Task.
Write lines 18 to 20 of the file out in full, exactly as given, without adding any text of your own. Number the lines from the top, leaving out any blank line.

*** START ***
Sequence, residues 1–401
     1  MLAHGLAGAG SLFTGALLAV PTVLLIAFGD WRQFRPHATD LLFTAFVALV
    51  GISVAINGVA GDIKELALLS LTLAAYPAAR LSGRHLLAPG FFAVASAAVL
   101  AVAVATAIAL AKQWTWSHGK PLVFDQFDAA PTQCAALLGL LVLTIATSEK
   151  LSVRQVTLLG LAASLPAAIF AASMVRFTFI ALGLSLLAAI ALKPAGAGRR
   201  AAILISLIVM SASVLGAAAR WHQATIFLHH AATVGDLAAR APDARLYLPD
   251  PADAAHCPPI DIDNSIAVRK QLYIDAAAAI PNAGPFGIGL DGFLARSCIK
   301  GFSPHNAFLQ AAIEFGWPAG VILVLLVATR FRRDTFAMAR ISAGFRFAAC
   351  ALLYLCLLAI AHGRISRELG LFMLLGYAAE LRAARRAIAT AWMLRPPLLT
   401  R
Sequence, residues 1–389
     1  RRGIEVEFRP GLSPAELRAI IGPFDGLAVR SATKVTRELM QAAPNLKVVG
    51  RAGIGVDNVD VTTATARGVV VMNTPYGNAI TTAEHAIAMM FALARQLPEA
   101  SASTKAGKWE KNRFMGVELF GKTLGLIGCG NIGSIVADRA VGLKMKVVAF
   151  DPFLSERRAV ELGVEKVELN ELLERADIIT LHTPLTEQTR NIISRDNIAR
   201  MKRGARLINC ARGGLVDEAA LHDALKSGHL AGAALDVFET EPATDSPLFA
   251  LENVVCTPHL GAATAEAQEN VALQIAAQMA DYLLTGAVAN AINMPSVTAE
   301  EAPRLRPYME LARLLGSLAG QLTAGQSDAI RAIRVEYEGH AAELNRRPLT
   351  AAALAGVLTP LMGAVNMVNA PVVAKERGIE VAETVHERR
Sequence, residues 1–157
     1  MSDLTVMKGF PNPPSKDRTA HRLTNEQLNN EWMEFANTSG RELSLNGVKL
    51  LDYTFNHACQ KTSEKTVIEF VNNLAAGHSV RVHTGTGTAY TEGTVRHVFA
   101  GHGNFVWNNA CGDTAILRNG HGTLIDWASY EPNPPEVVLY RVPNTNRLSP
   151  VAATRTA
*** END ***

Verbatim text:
   301  EAPRLRPYME LARLLGSLAG QLTAGQSDAI RAIRVEYEGH AAELNRRPLT
   351  AAALAGVLTP LMGAVNMVNA PVVAKERGIE VAETVHERR
Sequence, residues 1–157